Try the same thing with sudo, or while logged in as root. Let us know how your experiment works out for you. Then you can reassure everybody that the command is harmless. Until you do, you are potentially causing a lot of damage to innocent people. You have given an incomplete explanation of the situation that could entrap people who are not well educated on these commands. I would call that irresponsible.
As you did the experiment, it only showed that Linux will not let you destroy your system like Windows will. It does not show what “rm -rf $CWD” will do, for instance.
Like my system operator used to say in regards to rebooting, “There are only three things that can happen and two of them are bad.” Consider this comment the disclaimer against bad advice.
It makes no difference whether you execute the command as root or standard user. The system will not do anything, unless you pass it the – -no-preserve-root option. That is the built-in safeguard. I explained that much in the second to last paragraph of the article.
Give it a try yourself and see what happens. If it will save you the effort, the result of running the command on the computer that I am writing this comment from, is:
sun@hum:~$ sudo rm -Rf / [sudo] password for sun: rm: it is dangerous to operate recursively on `/' rm: use --no-preserve-root to override this failsafe
You will always get that output whether you execute the command using sudo, as a standard user, or as root.
Didn’t read and/or comprehend my comment, did you?
–no-preserve-root only protects the root directory [/]. It does not protect any other directory, which I tried to point out to you. What do you do when you come across a system where –no-preserve-root is not implemented? Or a system where the sysadmin has aliased “rm” to “rm –no-preserve-root”?
You need to think these things through carefully before you blow up /usr or /var or even /home while operating as root. It is best never to use a dangerous command without thinking through exactly what it will do. This is the problem with what you are proposing — it is suggesting that users can be insulated from the bad consequences of their actions. Getting casual with the rm -rf command is asking for trouble. Recommending that others get casual with it is criminal.
If you were employed at a Data Center that I managed, you would not have the root password, and restricted sudo privileges until you were able to be more careful.
Well, it looks like this article is about ‘rm -rf /’, not ‘rm -rf ‘.
So if you type any other command other than what the author covered in this article and you blow up your machine, blame yourself, not the author.
Why would any sysadmin alias “rm” to “rm –no-preserve-root”? Isn’t that madness!?
If your hypothetical sysadmin is employed in my Data Center, his account will be severely restricted until he/she learns to be smarter.
Think before bashing another’s work. And can you tell us what type of system will not have “– -no-preserve-root” implemented? Or did you mean “– -preserve-root is not implemented”?
Being a very long time *nix user myself, I can assure you that –no-preserve-root is a *very* recent addition… Recent enough that it’s only been added within the last couple years… At least as far as linux is concerned. IIRC, it was Sun who first created that as a way of safeguarding against a SNUFU as such back in the mid to late ’90s and the linux world was a little late to the party with that one. I can bet it was more than likely Canonical who added that into Ubuntu, because as of at least FC11, it would still rm / until rm got to the point of deleting the lib controlling that function, afterwhich it broke.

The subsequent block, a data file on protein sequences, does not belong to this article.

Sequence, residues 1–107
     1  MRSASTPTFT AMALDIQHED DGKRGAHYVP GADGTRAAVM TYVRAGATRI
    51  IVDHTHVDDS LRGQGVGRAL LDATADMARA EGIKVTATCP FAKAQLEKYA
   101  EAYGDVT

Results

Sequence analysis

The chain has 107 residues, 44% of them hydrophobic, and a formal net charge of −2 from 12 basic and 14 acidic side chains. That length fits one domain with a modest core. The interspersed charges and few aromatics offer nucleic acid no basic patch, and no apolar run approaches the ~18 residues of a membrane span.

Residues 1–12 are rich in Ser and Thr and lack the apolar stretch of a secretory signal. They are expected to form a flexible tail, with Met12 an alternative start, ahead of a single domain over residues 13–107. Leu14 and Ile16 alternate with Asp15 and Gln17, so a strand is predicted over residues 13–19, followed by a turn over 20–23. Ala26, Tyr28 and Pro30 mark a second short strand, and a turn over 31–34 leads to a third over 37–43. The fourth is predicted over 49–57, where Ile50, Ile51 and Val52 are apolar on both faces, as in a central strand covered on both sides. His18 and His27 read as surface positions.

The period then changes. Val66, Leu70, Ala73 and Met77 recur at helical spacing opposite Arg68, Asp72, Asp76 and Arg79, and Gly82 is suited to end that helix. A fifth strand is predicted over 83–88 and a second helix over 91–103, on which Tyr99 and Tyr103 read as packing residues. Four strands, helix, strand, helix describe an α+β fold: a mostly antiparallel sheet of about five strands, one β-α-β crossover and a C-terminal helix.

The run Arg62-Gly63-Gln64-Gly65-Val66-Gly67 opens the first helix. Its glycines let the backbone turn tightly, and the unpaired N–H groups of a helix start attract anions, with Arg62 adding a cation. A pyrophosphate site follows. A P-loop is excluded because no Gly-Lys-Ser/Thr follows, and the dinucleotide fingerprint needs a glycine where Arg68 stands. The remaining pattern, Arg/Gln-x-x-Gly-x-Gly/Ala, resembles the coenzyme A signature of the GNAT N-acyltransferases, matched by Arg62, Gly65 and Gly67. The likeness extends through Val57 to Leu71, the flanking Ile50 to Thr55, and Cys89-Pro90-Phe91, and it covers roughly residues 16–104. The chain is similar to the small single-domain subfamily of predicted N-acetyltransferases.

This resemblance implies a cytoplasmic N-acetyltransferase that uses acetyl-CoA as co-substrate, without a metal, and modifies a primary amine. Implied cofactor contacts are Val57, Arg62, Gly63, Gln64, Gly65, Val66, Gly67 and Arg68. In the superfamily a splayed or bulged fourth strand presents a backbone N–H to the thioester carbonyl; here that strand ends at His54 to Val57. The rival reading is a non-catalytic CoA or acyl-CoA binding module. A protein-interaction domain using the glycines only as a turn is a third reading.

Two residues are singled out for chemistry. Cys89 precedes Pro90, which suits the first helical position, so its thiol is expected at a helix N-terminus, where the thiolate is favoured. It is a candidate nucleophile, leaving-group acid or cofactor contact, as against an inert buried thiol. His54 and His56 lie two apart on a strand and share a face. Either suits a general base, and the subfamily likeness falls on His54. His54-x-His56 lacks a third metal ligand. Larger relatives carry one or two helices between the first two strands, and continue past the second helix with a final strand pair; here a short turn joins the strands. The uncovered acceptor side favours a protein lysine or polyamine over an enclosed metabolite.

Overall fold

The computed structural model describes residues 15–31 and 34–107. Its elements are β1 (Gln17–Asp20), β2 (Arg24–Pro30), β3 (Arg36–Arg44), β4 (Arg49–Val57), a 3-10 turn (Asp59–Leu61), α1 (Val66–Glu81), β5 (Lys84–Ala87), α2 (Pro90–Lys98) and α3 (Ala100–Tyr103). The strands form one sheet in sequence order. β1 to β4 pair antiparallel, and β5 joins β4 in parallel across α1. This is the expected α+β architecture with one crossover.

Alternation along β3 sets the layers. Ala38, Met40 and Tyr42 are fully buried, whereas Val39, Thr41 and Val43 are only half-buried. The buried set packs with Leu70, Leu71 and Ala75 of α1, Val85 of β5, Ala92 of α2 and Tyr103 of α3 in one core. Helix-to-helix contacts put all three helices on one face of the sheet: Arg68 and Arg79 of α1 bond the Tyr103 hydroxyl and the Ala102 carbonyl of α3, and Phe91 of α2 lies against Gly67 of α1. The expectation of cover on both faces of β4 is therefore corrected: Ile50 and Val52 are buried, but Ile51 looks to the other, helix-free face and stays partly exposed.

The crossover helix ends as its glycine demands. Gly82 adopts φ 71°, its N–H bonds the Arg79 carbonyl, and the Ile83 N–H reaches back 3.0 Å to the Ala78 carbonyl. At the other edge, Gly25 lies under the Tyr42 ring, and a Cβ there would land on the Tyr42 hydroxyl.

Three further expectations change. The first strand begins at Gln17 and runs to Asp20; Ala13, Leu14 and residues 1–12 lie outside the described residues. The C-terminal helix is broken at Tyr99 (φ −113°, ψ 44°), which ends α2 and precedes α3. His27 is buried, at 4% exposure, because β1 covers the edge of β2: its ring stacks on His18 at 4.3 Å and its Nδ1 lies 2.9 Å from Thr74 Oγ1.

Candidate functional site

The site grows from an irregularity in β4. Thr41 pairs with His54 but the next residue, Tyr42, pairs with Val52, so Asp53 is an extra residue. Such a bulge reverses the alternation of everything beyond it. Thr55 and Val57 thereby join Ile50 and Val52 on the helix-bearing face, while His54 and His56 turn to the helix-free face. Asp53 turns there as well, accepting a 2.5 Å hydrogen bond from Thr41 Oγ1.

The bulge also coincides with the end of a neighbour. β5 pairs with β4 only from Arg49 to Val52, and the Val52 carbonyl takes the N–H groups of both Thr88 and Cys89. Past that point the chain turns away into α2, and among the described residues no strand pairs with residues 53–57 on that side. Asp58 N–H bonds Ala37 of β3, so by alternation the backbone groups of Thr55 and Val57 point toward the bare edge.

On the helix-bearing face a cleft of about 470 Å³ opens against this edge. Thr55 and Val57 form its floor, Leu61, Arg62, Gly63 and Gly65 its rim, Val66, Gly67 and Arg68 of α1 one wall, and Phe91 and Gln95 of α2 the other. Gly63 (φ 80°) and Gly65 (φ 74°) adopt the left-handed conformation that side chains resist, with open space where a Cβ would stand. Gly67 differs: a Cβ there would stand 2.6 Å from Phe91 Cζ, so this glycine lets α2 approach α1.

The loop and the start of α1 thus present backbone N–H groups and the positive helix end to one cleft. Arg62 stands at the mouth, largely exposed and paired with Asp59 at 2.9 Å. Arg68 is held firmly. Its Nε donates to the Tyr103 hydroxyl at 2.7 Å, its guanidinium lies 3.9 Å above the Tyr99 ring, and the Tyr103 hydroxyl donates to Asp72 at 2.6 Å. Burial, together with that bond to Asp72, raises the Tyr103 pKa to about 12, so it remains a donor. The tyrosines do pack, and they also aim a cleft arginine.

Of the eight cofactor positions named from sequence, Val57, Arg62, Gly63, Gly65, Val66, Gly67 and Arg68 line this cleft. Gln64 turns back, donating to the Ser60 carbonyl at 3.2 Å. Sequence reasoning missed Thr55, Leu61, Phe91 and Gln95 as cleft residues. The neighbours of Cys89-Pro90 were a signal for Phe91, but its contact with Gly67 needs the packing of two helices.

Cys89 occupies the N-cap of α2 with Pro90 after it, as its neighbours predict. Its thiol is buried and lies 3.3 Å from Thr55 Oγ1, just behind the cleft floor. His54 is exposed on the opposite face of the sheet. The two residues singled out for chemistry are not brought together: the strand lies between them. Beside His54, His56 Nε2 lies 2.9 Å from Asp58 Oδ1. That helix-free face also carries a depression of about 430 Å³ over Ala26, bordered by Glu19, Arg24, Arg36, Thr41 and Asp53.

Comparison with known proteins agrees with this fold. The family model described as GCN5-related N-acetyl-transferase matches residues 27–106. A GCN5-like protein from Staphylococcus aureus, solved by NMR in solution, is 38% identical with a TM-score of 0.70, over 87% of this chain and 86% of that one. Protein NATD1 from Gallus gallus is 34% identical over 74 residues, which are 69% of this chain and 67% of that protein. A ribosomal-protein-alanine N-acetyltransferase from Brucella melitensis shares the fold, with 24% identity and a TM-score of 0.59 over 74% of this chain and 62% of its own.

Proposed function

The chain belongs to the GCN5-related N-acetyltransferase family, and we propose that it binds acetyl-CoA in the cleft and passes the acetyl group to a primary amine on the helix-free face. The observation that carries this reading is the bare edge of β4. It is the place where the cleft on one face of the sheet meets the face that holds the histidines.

I notice that each time you used the ls command it was showing a listing of /root and not /
The ls commands were executed from a standard user’s home directory. That is why you see those folders.
Tyr ‘sudo rm -Rf /’ or ‘su -c “rm -Rf /”‘. We erase our computers at the end of every school year with it. The kids have a blast.
Does it protect you against idiocy? What happens if you type “rm -rf *” when in the root directory?
The answer: Idiocy will still kill your installation – at least it did in the Centos 6 server I just ran this command on.
Some commands are not idiot-proof.
If you make something fool proof, the Universe will respond by creating a better fool.
`rm -rf /` will not delete everything unless you have root privileges. It will delete all your data files. There is a similar command that’s almost as dangerous but I won’t tell you here (some idiot will try it and then sue).
BTW, `rm -rf /` will not stop when it deletes /bin/rm. When UNIX opens a file, its contents remain on disk as long as it remains open. The command either leaves the file open until finished or it runs from the copy in RAM. Either will allow it to continue after /bin/rm is deleted.
As noted in this article, `rm -rf /` will not delete anything, even as root, unless you pass it the – -no-preserve-root option.
Running “rm -rf /” from regular user account it’s bullshit not an article, try the same as root…
PS “even on root” you mean in PC-BSD, Fedora, Mint – afaik it does not apply to all distros!
Those three are representative of all distros. And I’m sure you understand that the rm command is the same across the distros.
This is a very short article, but you did not even bother to read the whole thing. If you did, you would have come across this:
So you see, typing the command as root will generate this same message as when typing it as a standard user.
OK I just checked this, sorry my bad, I remember I fucked up my system once but it wasn’t clear “rm -rf /”. THAT’S THE ONLY THING THAT’S “SAFE” and will print warning, everything else after slash is deadly (so yeah you still need to watch out what you’re doing)
The one time I tried it (on a system I was going to reinstall with a different distro, and after disconnecting the disk with /home), it went along merrily until it deleted /bin/rm, at which point it ground to a halt. That was in the mid-late 1990’s [Red Hat 5.0 IIRC].
Thank you. This confirms what I wrote about – -preserve-root and – -no-preserve-root being recent additions.
Hmm. The current rm process should have been in RAM, so the deletion of /bin/rm should not have mattered.